LCM from Prime Decomposition

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Theorem

Let $a, b \in \Z$.

From Expression for Integers as Powers of Same Primes, let:

\(\displaystyle a\) \(=\) \(\displaystyle p_1^{k_1} p_2^{k_2} \ldots p_r^{k_r}\)
\(\displaystyle b\) \(=\) \(\displaystyle p_1^{l_1} p_2^{l_2} \ldots p_r^{l_r}\)
\(\displaystyle \forall i \in \set {1, 2, \dotsc, r}: \ \ \) \(\displaystyle p_i\) \(\divides\) \(\displaystyle a\)
\(\, \displaystyle \lor \, \) \(\displaystyle p_i\) \(\divides\) \(\displaystyle b\)


That is, the primes given in these prime decompositions may be divisors of either of the numbers $a$ or $b$.


Then:

$\lcm \set {a, b} = p_1^{\max \set {k_1, l_1} } p_2^{\max \set {k_2, l_2} } \ldots p_r^{\max \set {k_r, l_r} }$

where $\lcm \set {a, b}$ denotes the lowest common multiple of $a$ and $b$.


General Result

Let $n \in \N$ be a natural number such that $n \ge 2$.

Let $\N_n$ be defined as:

$\N_n := \set {1, 2, \dotsc, n}$

Let $A_n = \set {a_1, a_2, \dotsc, a_n} \subseteq \Z$ be a set of $n$ integers.


From Expression for Integers as Powers of Same Primes, let:

$\displaystyle \forall i \in \N_n: a_i = \prod_{p_j \mathop \in T} {p_j}^{e_{i j} }$

where:

$T = \set {p_j: j \in \N_r}$

such that:

$\forall j \in \N_{r - 1}: p_j < p_{j - 1}$
$\forall j \in \N_r: \exists i \in \N_n: p_j \divides a_i$

where $\divides$ denotes divisibility.


Then:

$\displaystyle \map \lcm {A_n} = \prod_{j \mathop \in \N_r} {p_j}^{\max \set {e_{i j}: \, i \in \N_n} }$

where $\map \lcm {A_n}$ denotes the greatest common divisor of $a_1, a_2, \dotsc, a_n$.

The proof proceeds by induction.

For all $n \in \Z_{\ge 0}$, let $\map P n$ be the proposition:

$\displaystyle \map \lcm {A_n} = \prod_{j \mathop \in \N_r} {p_j}^{\max \set {e_{i j}: \, i \in \N_n} }$


Basis for the Induction

$\map P 2$ is the case:

$\displaystyle \gcd \set {a_1, a_2} = \prod_{j \mathop \in \N_r} {p_j}^{\max \set {e_{1 j}, e_{2 j} } }$

This is GCD from Prime Decomposition.


Thus $\map P 2$ is seen to hold.


This is the basis for the induction.


Induction Hypothesis

Now it needs to be shown that, if $\map P k$ is true, where $k \ge 1$, then it logically follows that $\map P {k + 1}$ is true.


So this is the induction hypothesis:

$\displaystyle \map \lcm {A_k} = \prod_{j \mathop \in \N_r} {p_j}^{\max \set {e_{i j}: \, i \in \N_k} }$


from which it is to be shown that:

$\displaystyle \map \lcm {A_{k + 1} } = \prod_{j \mathop \in \N_r} {p_j}^{\max \set {e_{i j}: \, i \in \N_{k + 1} } }$


Induction Step

This is the induction step:

\(\displaystyle \map \lcm {A_{k + 1} }\) \(=\) \(\displaystyle \map \lcm {A_k \cup a_{k + 1} }\)
\(\displaystyle \) \(=\) \(\displaystyle \)



So $\map P k \implies \map P {k + 1}$ and the result follows by the Principle of Mathematical Induction.


Therefore:

$\forall n \in \Z_{\ge 2}: \displaystyle \map \lcm {A_n} = \prod_{j \mathop \in \N_r} {p_j}^{\max \set {e_{i j}: \, i \in \N_n} }$


Proof 1

\(\displaystyle \lcm \set {a, b}\) \(=\) \(\displaystyle \frac {a b} {\gcd \set {a, b} }\) Product of GCD and LCM
\(\displaystyle \) \(=\) \(\displaystyle \frac {\paren {p_1^{k_1} p_2^{k_2} \cdots p_r^{k_r} } \paren {p_1^{l_1} p_2^{l_2} \ldots p_r^{l_r} } } {p_1^{\min \set {k_1, l_1} } p_2^{\min \set {k_2, l_2} } \cdots p_r^{\min \set {k_r, l_r} } }\) GCD from Prime Decomposition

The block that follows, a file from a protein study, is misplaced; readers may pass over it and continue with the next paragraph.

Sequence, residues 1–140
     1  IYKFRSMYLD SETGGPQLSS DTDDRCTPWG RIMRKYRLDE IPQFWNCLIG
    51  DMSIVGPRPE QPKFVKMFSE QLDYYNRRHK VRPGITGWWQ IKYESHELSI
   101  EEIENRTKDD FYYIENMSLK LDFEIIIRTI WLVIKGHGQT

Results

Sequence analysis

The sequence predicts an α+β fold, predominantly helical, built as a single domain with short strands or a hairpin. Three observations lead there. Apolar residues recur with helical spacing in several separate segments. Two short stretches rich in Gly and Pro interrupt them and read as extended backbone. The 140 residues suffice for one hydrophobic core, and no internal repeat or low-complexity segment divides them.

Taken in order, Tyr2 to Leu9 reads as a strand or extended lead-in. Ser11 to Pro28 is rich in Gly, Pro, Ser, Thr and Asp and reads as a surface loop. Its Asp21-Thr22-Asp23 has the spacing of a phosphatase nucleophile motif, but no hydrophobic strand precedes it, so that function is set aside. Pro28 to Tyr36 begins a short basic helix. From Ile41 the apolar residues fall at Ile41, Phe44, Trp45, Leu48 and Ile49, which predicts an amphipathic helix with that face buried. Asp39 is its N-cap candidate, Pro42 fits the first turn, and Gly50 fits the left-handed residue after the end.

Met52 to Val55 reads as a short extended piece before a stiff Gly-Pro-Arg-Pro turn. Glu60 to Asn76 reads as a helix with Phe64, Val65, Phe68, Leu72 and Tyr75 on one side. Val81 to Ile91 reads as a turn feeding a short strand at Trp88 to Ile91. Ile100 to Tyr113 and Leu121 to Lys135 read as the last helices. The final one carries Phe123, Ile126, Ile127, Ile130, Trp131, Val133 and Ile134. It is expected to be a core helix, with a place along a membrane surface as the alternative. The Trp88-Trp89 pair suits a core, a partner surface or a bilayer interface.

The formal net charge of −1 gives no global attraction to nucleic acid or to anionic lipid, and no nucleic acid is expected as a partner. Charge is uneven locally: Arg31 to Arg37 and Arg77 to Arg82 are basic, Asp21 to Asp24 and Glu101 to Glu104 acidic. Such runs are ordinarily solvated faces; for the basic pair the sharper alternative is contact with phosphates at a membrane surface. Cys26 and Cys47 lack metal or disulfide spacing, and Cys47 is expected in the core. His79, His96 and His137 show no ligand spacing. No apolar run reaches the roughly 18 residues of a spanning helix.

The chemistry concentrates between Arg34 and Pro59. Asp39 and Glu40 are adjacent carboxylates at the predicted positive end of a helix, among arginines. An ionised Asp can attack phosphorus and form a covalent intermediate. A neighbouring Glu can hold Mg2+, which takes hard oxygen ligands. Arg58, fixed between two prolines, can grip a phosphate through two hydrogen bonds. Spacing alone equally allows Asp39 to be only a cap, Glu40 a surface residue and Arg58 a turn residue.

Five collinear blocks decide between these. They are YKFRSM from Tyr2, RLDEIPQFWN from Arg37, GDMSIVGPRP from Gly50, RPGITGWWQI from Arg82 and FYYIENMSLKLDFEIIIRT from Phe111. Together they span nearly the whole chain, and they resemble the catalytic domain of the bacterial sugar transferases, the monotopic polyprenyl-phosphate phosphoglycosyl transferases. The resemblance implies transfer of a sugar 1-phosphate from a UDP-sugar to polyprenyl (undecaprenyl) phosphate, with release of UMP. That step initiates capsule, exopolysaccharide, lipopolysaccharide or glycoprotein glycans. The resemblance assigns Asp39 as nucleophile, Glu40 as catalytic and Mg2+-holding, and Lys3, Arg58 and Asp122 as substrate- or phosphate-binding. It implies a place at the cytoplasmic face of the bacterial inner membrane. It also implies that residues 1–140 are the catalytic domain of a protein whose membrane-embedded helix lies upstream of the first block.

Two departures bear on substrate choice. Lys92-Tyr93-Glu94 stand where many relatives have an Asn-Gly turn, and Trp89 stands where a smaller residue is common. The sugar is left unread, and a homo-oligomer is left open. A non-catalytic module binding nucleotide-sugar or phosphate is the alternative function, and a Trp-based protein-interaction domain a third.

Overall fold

\(\displaystyle \) \(=\) \(\displaystyle \frac {\paren {p_1^{k_1 + l_1} p_2^{k_2 + l_2} \cdots p_r^{k_r + l_r} } } {p_1^{\min \set {k_1, l_1} } p_2^{\min \set {k_2, l_2} } \cdots p_r^{\min \set {k_r, l_r} } }\)
\(\displaystyle \) \(=\) \(\displaystyle p_1^{k_1 + l_1 - \min \set {k_1, l_1} } p_2^{k_2 + l_2 - \min \set {k_2, l_2} } \cdots p_r^{k_r + l_r - \min \set {k_r, l_r} }\)
\(\displaystyle \) \(=\) \(\displaystyle p_1^{\max \set {k_1, l_1} } p_2^{\max \set {k_2, l_2} } \cdots p_r^{\max \set {k_r, l_r} }\) Sum Less Minimum is Maximum

$\blacksquare$


Proof 2

Note that if one of the primes $p_i$ does not appear in the prime decompositions of either one of $a$ or $b$, then its corresponding index $k_i$ or $l_i$ will be zero.


Let $a \divides m$.

Then:

$m$ is of the form $p_1^{h_1} p_2^{h_2} \ldots p_r^{h_r}, \forall i: 1 \le i \le r, 0 \le k_i \le h_i$
$a \divides l \iff \forall i: 1 \le i \le r, 0 \le l_i \le h_i$

So:

$a \divides m \land b \divides m \iff \forall i: 1 \le i \le r, 0 \le \max \set {k_i, l_i} \le h_i$


For $m$ to be at its smallest, we want the smallest possible exponent for each of these primes.

So for each $i \in \closedint 1 r$, $h_i$ needs to equal $\max \set {k_i, l_i}$.


Hence the result:

$\lcm \set {a, b} = p_1^{\max \set {k_1, l_1} } p_2^{\max \set {k_2, l_2} } \ldots p_r^{\max \set {k_r, l_r} }$

$\blacksquare$


Examples

$125$ and $150$

The lowest common multiple of $125$ and $150$ is:

$\lcm \set {125, 150} = 750$


$132$ and $154$

The lowest common multiple of $132$ and $154$ is:

$\lcm \set {132, 154} = 924$


$39$ and $143$

The lowest common multiple of $39$ and $143$ is:

$\lcm \set {39, 143} = 429$


$253$ and $506$

The lowest common multiple of $253$ and $506$ is:

$\lcm \set {253, 506} = 506$


$111$ and $1221$

The lowest common multiple of $111$ and $1221$ is:

$\lcm \set {111, 1221} = 1221$


$39$, $102$ and $75$

The lowest common multiple of $39$, $102$ and $75$ is:

$\lcm \set {39, 102, 75} = 33 \, 150$


$p^2 q$ and $p q r$

The lowest common multiple of $p^2 q$ and $p q r$, where $p$, $q$ and $r$ are all primes, is:

$\lcm \set {p^2 q, p q r} = p^2 q r$


Also see


Sources